Different Stages' The Book Club Play
This production captures both the cringeworthy humor and drama of its characters in a mockumentary for the stage
Reviewed by Trey Gutierrez, Fri., March 29, 2019
It's easy to understand why mockumentaries have found such success in popular culture. TV shows like The Office and Parks and Recreation, which purport to capture the everyday lives of regular people, provide opportunities for storytellers to discover humor in life's seemingly mundane experiences. Though typically scripted, works in this style convincingly portray the impromptu nature of the human experience. That said, seeing this genre adapted for the stage is an experience in and of itself.
As its title suggests, The Book Club Play chronicles the experiences of people who meet biweekly to discuss literary works. In a unique and inspired choice of framing device, playwright Karen Zacarías casts this group of five working professionals as the subject of a documentary by an acclaimed film director. With the filmmaker's unseen camera – located in the stage's fourth wall – supposedly recording throughout the play, the characters are aware they're being observed. This awareness adds a level of intimacy between actor and audience that feels fresh and engaging – and oftentimes uncomfortable. As the play progressed, I felt myself increasingly becoming the elephant in the room, as if I personally had invaded the privacy of this gathering.
Perhaps the reason I felt my presence so readily was that The Book Club Play's cringeworthy humor evokes empathy for its characters. As with popular pseudodocumentary works, the ever-present camera leads to a host of awkward, unintentional faux pas as the group's members put on appearances for their audience. For example, we feel the group's discomfort when club host Ana asks Lily, its sole black member, to suggest a book with "soul" in a tone-deaf attempt to inject culture into the club's repertoire. We can't help but laugh at such moments because we feel a genuine embarrassment for the characters experiencing them, the same way we would for close friends in similar situations.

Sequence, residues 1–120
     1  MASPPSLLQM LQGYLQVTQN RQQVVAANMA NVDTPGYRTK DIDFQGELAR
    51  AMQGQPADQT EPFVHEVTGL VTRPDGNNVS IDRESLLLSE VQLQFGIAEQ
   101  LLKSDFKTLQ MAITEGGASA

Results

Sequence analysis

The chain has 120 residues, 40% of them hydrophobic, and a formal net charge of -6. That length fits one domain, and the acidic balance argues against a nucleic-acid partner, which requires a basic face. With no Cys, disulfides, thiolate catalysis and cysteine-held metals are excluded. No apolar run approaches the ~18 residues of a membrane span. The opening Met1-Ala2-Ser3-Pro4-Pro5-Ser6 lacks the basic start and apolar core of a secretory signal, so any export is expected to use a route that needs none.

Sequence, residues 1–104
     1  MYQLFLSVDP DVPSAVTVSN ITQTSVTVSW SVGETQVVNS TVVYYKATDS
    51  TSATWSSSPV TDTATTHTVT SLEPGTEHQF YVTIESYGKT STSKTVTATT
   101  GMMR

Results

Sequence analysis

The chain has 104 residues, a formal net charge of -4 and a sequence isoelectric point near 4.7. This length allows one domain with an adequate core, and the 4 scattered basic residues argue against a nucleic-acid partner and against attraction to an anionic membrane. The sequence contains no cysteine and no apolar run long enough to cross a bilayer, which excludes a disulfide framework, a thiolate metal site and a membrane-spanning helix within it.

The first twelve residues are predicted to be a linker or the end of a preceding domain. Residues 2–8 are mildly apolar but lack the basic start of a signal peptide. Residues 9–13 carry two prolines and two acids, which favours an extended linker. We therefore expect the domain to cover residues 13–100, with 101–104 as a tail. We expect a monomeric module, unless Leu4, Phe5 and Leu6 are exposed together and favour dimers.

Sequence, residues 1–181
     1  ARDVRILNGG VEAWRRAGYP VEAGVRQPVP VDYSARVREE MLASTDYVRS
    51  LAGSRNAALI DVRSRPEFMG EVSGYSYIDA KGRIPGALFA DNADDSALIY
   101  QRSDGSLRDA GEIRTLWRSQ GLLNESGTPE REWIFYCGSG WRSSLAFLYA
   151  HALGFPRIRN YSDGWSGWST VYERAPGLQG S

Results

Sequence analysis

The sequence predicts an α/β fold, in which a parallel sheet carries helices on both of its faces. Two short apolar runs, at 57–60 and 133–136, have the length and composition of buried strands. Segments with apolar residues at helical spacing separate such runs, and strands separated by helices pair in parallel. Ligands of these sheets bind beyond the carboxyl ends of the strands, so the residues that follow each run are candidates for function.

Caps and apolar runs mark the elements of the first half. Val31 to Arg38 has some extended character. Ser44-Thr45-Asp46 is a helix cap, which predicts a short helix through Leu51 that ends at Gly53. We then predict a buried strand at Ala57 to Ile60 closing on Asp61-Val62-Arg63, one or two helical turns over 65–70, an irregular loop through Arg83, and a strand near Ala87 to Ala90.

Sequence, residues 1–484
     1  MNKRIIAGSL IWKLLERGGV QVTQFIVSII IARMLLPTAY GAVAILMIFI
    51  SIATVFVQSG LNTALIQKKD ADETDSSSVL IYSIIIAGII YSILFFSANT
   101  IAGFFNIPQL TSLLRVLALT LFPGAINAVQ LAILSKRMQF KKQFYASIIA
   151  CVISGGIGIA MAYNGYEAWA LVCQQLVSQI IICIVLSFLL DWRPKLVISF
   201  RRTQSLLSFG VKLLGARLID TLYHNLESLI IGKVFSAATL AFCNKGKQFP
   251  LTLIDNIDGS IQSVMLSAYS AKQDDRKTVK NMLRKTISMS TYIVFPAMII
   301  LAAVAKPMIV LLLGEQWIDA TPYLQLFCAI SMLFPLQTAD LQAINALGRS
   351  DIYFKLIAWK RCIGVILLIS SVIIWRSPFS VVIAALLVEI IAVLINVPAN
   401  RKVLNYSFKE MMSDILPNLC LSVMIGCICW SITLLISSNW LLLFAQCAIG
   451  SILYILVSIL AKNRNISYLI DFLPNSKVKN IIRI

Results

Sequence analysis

This sense of realism created by the cast of this Different Stages production, however, is a double-edged sword. While the humor feels familiar and realistic, so does its drama. As the show progresses, we see the facades that the group members have chosen to hide behind crumble. Characters that once seemed simple and one-dimensional reveal their hidden pains, struggles, and yearnings, creating heavy conflict amongst the group.
It was here that Book Club challenged me as a viewer. Although the script's humor doesn't cease even at its tensest moments, there were many times where I couldn't tell if I was meant to laugh or not. During the show's climax, wherein Ana flies into a fit of primal rage, other characters still deliver one-liners. I couldn't bring myself to laugh, though, as Ana's painful screams (delivered with gusto by Different Stages regular Kelsey Mazak), as well as the concerned reactions of her friends, seemed too vivid. I found myself experiencing actual panic as lamps and chairs were knocked over, as if I was witnessing the breakup of a real-life friend group. By virtue of the cast's ability to play off of each other's authentic emotions, this moment of chaos was visceral and honestly scary.
Not surprisingly, I left the Santa Cruz Theatre emotionally drained, though not without a sense of satisfaction. While I often look to theatre as a method of escaping reality, Different Stages' latest presented quite an opposite experience, one akin to screaming into a pillow to achieve catharsis. As I reflect on the performance, I can't help but dwell on how the filmmaker's camera was the true driving force behind it. After all, this show takes a lot from the medium it satirizes. As is the case with the documentaries that have the greatest impact on us, The Book Club Play showcases the sort of real-life spontaneity and complex emotion that isn't easily captured in a traditional script.
The Book Club PlaySanta Cruz Theatre, 1805 E. Seventh
Through April 13
Running time: 1 hr., 55 min.